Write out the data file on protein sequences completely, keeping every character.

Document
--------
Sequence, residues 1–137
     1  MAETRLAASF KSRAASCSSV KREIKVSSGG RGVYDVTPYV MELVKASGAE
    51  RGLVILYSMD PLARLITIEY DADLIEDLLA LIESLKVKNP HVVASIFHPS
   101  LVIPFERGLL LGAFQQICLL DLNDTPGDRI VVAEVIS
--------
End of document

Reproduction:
Sequence, residues 1–137
     1  MAETRLAASF KSRAASCSSV KREIKVSSGG RGVYDVTPYV MELVKASGAE
    51  RGLVILYSMD PLARLITIEY DADLIEDLLA LIESLKVKNP HVVASIFHPS
   101  LVIPFERGLL LGAFQQICLL DLNDTPGDRI VVAEVIS